FTC Homing in on GoogleMob?

Since Google announced its acquisition of AdMob six months ago, the companies have face opposition. First consumer groups eyed the deal—then the FTC started taking statements from other companies in the industry. Now, it looks like the FTC is gearing up for even more scrutiny.

Of course, it may not have a whole lot to do with the US federal government’s deep-rooted concern for the mobile advertising industry. Reports AllThingsD:

“The federal government is looking for a way to discipline Google in some way, because of larger concerns about its search power on the Web,” said one source. “And this is where it looks like it will try to show that concern.”

Google Bringing GPS Navigation to iPhone…This Just In: No It’s Not

You’ve got to love how quickly rumors can start, spread, and become fact, all before you can say “Google world domination.”

Case in point? MacUser published on Thursday what appeared to be a scoop:

The navigation system is available as a free update to Google Maps on Android phones, but won’t stop there. Google confirmed at a London press conference that it plans to bring free satnav to other smartphone platforms, including the iPhone, although it wouldn’t say when.

Excitement ensued. Posts flew around the web, gushing over Google’s pre-cached, always up-to-date, navigation capabilities.

iPhone users everywhere salivated.

Then this:

“We did not say we would bring it to iPhone, we said to date we’ve had it on Android and that in the future it may come to other platforms but did not confirm this will be coming to iPhone at all,” a Google spokesperson told PCWorld.

Facebook Taking Over the Internetz

Facebook is the most popular social network in the world, but that’s not quite enough for them. Finally ready to venture outside their walled garden, Facebook may be unveiling a decentralized version of their site that allows Facebook users to interact on on other sites around the web. But does this mean Facebook’s ready to cede control of its users, or is it just extending its greedy grasp further?

Says the New York Times:

Details of Facebook’s plans — which involve a variation on its “Share” button, already prevalent on many sites — are expected to be introduced by Mark Zuckerberg, the company’s chief executive, on Wednesday during its conference here for third-party developers. But even before Facebook makes its plans public, its aim to become a social networking force across the Web is facing competition.

Did Google’s Eric Schmidt Quit Apple’s Board Over AdMob Squabble?

OK, bear with me hear, but I’m going to put some pieces together to explain why Google and Apple went from being great friends, to arch-rivals.

At the time, this looked like a coincidence:

August 3rd, 2009 – Eric Schmidt resigns his position on Apple’s board of directors, citing "conflicts of interest" in some of Apple’s "core businesses."

November 9th, 2009 – Google acquires mobile advertising platform AdMob for a reported $750M.

December 28th, 2009 - Consumer Groups start lobbying the FTC to block the AdMob acquisition on the grounds of decreasing competition in the market.

March 11th, 2010 – The FTC suddenly starts asking Google’s rivals, what they think of the deal.

Yesterday, April 8, 2010 – Apple CEO Steve Jobs let’s the following slip during his Q&A with the press:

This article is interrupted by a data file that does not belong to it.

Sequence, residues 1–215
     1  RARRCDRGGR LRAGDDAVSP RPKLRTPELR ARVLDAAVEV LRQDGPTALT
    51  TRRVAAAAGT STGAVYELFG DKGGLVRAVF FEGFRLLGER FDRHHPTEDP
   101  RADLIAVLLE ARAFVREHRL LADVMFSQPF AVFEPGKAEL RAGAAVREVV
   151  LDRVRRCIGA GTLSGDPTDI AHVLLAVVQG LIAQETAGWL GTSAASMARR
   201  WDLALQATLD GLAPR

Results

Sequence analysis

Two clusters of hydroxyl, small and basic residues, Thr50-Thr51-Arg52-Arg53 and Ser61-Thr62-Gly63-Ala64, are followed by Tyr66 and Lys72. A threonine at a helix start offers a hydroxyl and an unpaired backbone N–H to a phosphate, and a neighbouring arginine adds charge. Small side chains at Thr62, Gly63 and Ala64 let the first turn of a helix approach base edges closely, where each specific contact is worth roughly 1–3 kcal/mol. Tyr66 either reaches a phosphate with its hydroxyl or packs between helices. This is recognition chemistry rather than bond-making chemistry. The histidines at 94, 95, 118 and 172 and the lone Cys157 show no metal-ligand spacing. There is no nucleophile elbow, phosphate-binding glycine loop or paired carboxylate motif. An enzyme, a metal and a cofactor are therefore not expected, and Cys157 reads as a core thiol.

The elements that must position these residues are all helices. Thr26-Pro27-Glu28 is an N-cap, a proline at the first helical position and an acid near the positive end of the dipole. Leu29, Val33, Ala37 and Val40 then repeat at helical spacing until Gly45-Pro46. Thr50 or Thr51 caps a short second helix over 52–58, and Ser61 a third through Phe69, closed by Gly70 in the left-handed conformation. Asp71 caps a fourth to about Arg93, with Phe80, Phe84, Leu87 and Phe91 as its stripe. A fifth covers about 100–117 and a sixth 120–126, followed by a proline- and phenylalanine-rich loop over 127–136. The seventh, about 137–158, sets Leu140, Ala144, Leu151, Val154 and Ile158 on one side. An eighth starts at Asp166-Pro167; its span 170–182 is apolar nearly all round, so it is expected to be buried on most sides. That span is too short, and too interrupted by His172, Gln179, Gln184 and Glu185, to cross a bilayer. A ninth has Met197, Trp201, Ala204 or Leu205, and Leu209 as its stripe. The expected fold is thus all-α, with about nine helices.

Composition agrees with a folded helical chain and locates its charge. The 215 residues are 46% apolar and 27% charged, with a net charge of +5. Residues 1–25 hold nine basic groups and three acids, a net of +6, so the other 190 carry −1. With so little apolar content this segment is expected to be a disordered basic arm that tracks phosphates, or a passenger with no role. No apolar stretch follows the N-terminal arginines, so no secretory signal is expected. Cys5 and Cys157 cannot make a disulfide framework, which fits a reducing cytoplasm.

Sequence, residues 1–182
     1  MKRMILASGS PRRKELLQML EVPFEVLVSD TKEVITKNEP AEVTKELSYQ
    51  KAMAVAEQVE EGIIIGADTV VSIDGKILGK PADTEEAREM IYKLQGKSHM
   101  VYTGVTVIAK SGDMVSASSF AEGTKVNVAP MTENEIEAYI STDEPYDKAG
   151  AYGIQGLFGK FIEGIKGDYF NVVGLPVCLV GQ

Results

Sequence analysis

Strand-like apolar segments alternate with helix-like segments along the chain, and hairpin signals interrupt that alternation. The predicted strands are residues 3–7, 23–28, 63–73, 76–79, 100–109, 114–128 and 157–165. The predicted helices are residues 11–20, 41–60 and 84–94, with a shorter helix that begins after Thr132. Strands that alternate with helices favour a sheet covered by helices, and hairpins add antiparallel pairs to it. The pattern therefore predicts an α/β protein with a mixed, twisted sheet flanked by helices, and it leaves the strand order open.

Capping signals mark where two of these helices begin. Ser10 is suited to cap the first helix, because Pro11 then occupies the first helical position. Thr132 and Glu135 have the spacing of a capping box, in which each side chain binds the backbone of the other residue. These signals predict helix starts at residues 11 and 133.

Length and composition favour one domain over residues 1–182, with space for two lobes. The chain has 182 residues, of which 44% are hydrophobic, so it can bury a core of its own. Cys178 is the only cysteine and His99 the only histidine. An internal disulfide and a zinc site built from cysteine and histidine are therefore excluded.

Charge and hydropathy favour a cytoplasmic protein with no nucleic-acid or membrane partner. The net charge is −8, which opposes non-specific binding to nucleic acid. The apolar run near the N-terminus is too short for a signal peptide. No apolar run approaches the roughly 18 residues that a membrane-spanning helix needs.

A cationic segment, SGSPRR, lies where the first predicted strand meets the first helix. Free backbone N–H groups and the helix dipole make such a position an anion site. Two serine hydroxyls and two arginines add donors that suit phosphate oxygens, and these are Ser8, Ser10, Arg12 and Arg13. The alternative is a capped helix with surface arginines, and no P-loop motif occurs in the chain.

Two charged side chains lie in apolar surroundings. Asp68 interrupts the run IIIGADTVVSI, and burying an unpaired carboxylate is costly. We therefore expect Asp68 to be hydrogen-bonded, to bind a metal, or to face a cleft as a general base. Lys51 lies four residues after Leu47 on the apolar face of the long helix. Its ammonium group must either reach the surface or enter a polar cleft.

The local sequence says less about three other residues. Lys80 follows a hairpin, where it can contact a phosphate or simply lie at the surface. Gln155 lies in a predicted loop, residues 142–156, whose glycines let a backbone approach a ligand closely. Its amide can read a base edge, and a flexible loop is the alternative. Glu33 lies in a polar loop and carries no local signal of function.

Apple to Announce New Mobile Ads, And Google’s the Happiest of All

Apple is hosting an iPhone developer event Thursday, where they’ll most likely talk about adapting to the iPad—and a new mobile advertising platform. While I’m sure the developers and Apple are pretty excited at the prospect of more money, it’s Google that might be cheering the loudest.

Once upon a time, the two companies were friendly, but especially since Google has entered the mobile phone market, the two have become rivals—and that’s exactly why Google will be excited to see a new ad platform from Apple. After Google announced its acquisition of in-app ad platform AdMob in November, they’ve faced scrutiny from consumer groups and the FTC, especially since there appear to be few rivals for

Yahoo Locates Foursquare for Purchase?

When the news is slow it’s always a relief to find a good juicy rumor to pass along to the readers of Marketing Pilgrim. Heck, if it wasn’t for rumors about Internet companies and other Internet related things there would be precious little to talk about on any day.

So what’s the latest? We hear from the folks at The Business Insider that Yahoo is looking to acquire Foursquare for somewhere in the range of $100 million.

Deal-makers are deciding right now whether or not to buy super-hot location-based startup Foursquare for ~$100 million, says a source close to bankers involved in Foursquare’s current fundraising efforts.

A source close to Yahoo told us a Foursquare-owned Yahoo “would be nice.” This source told us “we’ve had discussions,” but cautioned: “We talk to everybody.”

Want to Buy Facebook Shares? Too Bad

Facebook is a hot property, in case you haven’t noticed. Rumors of an IPO have run rampant for three years, but still there’s no news on that front. Meanwhile, Facebook is trying to clamp down on secondary sales of its privately-held stock—especially by employees, according to the Wall Street Journal.

Last week, Facebook announced a new employee stock policy:

The policy says employees who sell their shares could face disciplinary action or be fired, one of these people said. The new rule also leaves room for the company to open a trading window during which employees would be allowed to sell shares in the future.

Facebook spokesman Larry Yu said the company implemented the “insider trading policy to better comply with insider trading laws and to protect the interests of the company and its employees and shareholders.”